Send the link below via email or IMCopy
Present to your audienceStart remote presentation
- Invited audience members will follow you as you navigate and present
- People invited to a presentation do not need a Prezi account
- This link expires 10 minutes after you close the presentation
- A maximum of 30 users can follow your presentation
- Learn more about this feature in our knowledge base article
Do you really want to delete this prezi?
Neither you, nor the coeditors you shared it with will be able to recover it again.
Make your likes visible on Facebook?
You can change this under Settings & Account at any time.
Transcript of Storytelling
Raven Lenore Poe
Mentor: Crag Hill
Faculty Adviser: Ms. Calvert
“Someone needs to tell those tales. When the battles are fought and won and lost, when the pirates find their treasures and the dragons eat their foes for breakfast with a nice cup of Lapsang souchong, someone needs to tell their bits of overlapping narrative. There's magic in that. It's in the listener, and for each and every ear it will be different, and it will affect them in ways they can never predict. From the mundane to the profound. You may tell a tale that takes up residence in someone's soul, becomes their blood and self and purpose. That tale will move them and drive them and who knows what they might do because of it, because of your words. That is your role, your gift.
― Erin Morgenstern, The Night Circus
Goal 1. Write and analyze short stories
Goal 2. Research the effects of technology on literature
Goal 3. Create a fictional video blog
“It is a curious thing, the death of a loved one. We all know that our time in this world is limited, and that eventually all of us will end up underneath some sheet, never to wake up. And yet it is always a surprise when it happens to someone we know. It is like walking up the stairs to your bedroom in the dark, and thinking there is one more stair than there is. Your foot falls down, through the air, and there is a sickly moment of dark surprise as you try and readjust the way you thought of things.”
― ~Lemony Snicket.
Butler, Robert Olen. From Where you Dream: The Process of Writing Fiction. Grove Press. New York. 2005: 1-267. Book.
Carver, Raymond. “Why Don’t You Dance?” The Paris Review. 1978. Short story.
Hill, Crag. 2013. Personal Interviews.
Jonker, Travis. “Social Media’s Best Kept Secret.” School Library Journal. Vol. 59, issue 1.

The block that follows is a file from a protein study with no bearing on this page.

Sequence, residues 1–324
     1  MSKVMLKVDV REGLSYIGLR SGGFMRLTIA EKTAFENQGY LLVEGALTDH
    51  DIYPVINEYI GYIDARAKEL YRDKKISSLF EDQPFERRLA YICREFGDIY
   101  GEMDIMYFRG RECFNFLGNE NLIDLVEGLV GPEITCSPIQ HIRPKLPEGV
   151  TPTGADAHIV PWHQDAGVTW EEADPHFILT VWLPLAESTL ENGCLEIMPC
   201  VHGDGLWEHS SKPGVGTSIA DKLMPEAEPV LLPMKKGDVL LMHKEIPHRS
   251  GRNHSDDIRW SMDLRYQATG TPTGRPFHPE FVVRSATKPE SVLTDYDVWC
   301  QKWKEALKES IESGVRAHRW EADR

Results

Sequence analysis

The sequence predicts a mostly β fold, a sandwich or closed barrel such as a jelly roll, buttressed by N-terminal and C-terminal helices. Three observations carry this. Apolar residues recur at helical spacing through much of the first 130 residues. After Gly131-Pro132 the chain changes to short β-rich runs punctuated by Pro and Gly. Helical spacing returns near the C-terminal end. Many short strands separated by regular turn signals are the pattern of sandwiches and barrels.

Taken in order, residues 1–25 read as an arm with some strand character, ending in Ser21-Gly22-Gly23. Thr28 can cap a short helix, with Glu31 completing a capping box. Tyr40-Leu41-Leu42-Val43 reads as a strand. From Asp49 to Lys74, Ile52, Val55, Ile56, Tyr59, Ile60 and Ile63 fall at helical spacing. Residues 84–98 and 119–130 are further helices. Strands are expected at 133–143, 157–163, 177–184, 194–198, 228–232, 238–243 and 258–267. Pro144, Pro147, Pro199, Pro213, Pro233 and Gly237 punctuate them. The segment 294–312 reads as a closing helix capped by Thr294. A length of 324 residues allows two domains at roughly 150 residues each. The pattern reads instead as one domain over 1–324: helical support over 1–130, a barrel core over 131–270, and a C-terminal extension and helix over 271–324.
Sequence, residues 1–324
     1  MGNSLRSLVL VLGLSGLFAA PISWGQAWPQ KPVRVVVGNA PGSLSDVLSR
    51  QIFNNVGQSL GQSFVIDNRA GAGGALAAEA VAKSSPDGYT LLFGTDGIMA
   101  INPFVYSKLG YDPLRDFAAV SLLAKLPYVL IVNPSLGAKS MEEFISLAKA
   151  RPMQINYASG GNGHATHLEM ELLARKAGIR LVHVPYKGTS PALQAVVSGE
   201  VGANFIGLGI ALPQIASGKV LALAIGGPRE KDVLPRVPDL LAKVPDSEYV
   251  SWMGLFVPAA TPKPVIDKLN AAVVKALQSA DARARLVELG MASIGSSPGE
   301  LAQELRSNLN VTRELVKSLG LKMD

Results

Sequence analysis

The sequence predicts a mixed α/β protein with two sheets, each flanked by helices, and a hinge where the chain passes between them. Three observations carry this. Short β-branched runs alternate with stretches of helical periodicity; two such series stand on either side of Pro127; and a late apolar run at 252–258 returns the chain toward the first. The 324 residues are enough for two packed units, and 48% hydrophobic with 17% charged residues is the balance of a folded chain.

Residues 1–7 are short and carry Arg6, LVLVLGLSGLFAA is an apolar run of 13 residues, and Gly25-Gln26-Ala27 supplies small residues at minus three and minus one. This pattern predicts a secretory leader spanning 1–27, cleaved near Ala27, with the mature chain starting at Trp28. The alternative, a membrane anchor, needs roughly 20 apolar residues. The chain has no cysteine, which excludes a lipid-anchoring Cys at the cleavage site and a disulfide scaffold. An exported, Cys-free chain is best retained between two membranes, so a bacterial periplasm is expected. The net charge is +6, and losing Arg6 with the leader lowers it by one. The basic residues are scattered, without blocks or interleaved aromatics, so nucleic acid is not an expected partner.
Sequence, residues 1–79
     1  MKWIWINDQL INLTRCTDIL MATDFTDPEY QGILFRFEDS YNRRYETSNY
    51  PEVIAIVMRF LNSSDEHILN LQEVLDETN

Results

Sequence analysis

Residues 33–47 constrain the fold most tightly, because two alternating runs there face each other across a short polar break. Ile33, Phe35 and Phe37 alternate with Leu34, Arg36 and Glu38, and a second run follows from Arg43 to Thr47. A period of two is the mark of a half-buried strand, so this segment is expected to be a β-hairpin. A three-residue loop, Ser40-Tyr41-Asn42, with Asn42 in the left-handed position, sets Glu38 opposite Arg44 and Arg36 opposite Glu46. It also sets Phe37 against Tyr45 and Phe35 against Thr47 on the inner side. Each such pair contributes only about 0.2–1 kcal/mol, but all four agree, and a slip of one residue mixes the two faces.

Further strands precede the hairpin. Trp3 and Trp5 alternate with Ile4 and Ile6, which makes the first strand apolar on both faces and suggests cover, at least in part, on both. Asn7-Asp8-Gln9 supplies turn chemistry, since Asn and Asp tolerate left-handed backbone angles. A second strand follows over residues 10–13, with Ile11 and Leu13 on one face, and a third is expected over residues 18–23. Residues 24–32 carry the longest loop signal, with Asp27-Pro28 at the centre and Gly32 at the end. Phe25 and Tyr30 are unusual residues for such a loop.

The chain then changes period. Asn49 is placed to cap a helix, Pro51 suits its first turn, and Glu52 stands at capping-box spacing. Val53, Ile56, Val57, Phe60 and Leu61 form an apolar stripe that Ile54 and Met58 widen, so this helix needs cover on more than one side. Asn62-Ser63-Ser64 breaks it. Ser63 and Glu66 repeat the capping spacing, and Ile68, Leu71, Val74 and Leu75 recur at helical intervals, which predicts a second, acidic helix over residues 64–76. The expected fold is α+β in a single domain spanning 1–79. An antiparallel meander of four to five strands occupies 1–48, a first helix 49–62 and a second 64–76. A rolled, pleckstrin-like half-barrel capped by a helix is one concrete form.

January 2013. Web.
Kirtz, Bill. “NY Times’ Abramson: ‘Long-form narrative is not only alive but dancing to
new music.” New York Times. New York Times, 5 May 2011.Web.
Marquez, Gabriel. “The Handsomest Drowned Man in the World.” Leaf Storm. 1979.
Moore Linda. :”Making short stories from bits and pieces.” Writer [serial online]. August
2012;125(8):28-29. Available from: Academic Search Premier, Ipswich, MA. Accessed March 19, 2013.
Parolini, Stephen. “Light.” Wordpress. 2011. Blog.
Raab, Ralph. “Books and Literacy in the digital Age.” American Libraries. Vol. 41, Issue 8. August 2010. Web.
Updike, John. “Should Wizard Hit Mommy?” Modern Fiction Studies. 1974. Short Story.
Pacing needs to be slowed
The Other Piece
My favorite piece
The flow in one area needs work
Love the beginning
My head pounded. I could feel that at least. It was an odd sort of pressure – similar to what I imagine a balloon might feel like while being blown up – if a balloon had any such feelings at all. My head didn’t have enough room to contain all of it and I feared a burst was probable if not inevitable at this point. A similar ache blossomed from the center of my stomach, reminiscent of nausea but not quite that far down on the spectrum. It began around my belly button and twisted and twirled dancing like vines whilst infecting everything in its path. It was a black feeling. Empty and overcrowded all at once.
But then there was the rest of my body – I forgot its existence sometimes. Lately I seemed to be just floating along – aware but not connected. What a terrible feeling it was, to be so vastly conscious of a mind too full to capture thought, and a heart too timid to beat loudly in fear that any change in rhythm would throw off the balance and send the already precarious circumstances into a spiraling death spin. A fog had descended upon this capsule, this room, this entire damn town. It began creeping in the corners the day that letter came and had continued its mission to seep into every last good thing left in this place. T’was a very determined thing, that fog.
Rose By Any Other Name
Too much dialogue
Difficult to write
A scene from a larger piece
Not happy with it
What I learned
I over think things and like to plan long narratives
Technology and Literature
Books and those who make them are not going anywhere.
Focus on writing
Impact of social media on stories.
Ixnay the short story
A lot of fun, a lot of stress